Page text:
Why Do They Call it the ‘Democratic’ Party?

Steven Taylor, who has a Ph.D. in political science and did his dissertation on the electoral system of Colombia, can not quite grasp the delegate selection process of the Democratic Party.

FILED UNDER: Campaign 2004
James Joyner
About James Joyner
James Joyner is Professor and Department Head of Security Studies at Marine Corps University's Command and Staff College and a nonresident senior fellow at the Scowcroft Center for Strategy and Security at the Atlantic Council. He's a former Army officer and Desert Storm vet. Views expressed here are his own. Follow James on Twitter @DrJJoyner.

Comments

  1. Steven says:

    I’m working on it. I should have the right numbers soon, although they are an estimate. I will admit that the darn PLEO’s create some problems.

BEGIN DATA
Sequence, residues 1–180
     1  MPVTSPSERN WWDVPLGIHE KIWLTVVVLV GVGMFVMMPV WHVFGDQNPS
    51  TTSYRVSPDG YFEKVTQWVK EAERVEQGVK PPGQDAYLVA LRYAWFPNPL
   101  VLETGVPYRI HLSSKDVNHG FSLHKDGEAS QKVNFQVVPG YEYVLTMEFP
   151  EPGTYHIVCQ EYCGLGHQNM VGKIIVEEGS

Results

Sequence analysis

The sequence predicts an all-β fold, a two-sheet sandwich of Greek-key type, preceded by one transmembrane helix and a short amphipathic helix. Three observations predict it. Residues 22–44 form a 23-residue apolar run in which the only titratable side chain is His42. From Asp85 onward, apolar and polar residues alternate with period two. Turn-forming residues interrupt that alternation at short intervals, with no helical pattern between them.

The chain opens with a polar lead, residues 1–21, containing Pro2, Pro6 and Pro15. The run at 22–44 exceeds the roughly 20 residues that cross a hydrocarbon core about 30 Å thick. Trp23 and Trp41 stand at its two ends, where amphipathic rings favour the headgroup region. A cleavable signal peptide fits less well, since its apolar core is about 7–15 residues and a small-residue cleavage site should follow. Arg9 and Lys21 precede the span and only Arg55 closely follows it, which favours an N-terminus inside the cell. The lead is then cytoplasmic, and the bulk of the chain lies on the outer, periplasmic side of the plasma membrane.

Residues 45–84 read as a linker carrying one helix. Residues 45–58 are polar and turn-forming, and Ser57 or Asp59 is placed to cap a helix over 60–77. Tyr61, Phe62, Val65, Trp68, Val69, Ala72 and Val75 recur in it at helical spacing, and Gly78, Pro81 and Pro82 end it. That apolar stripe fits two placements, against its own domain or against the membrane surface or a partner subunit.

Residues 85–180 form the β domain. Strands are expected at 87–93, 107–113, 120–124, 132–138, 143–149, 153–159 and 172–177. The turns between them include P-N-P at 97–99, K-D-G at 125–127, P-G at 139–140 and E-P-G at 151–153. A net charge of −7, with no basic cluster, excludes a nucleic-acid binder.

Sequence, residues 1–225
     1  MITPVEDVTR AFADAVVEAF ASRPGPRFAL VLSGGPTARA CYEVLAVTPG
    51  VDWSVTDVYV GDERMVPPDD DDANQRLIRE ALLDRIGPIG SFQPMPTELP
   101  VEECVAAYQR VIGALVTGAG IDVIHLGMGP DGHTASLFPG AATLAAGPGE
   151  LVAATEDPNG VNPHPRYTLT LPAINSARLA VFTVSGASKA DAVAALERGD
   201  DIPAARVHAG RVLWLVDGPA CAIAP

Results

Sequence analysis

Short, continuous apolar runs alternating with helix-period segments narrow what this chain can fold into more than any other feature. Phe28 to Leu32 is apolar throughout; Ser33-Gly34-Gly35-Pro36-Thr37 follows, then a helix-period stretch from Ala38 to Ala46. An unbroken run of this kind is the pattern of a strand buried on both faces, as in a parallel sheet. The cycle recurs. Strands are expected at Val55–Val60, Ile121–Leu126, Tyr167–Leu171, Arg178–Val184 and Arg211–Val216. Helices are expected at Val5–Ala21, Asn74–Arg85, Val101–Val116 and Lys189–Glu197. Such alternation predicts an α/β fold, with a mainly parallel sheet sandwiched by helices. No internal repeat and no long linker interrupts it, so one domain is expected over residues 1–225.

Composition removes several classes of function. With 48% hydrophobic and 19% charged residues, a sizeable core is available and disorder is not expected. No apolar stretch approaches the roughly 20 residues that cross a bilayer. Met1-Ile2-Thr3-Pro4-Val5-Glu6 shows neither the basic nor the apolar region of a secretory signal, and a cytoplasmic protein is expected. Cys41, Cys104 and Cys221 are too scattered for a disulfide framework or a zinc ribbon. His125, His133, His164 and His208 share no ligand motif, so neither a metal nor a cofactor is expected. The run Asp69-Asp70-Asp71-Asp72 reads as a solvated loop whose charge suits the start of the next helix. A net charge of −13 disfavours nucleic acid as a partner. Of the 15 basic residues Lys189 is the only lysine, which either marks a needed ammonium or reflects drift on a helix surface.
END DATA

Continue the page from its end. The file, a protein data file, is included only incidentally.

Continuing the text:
2. It’s not a bad system (excluding the superdelegates, that is); the problem is that the media and the party don’t actually incorporate the system into their election-night reporting mechanism. Hence why everyone’s running around making estimates.

  3. James Joyner says:

    No, I think that’s right. I’m not opposed to the quasi-PR system they’ve got going–even if it is rather evocative of Germany’s! The Super Delegates are rather odd, though–trying to bring back the days of smoke filled rooms.

  4. mark says:

    …trying to bring back the days of smoke filled rooms.

    Not if Michael Bloomberg has anything to say about it!

  5. Steven says:

    That and the PLEO’s, The “Add-On Unpledged” and misc other features do make it a tad silly.

    Plus, in my cursory revue of the rules, it was unclear to me what formula was used to the precise formla for awarding delegates–as it can’t be perfect proportionality because of the 15% threshold.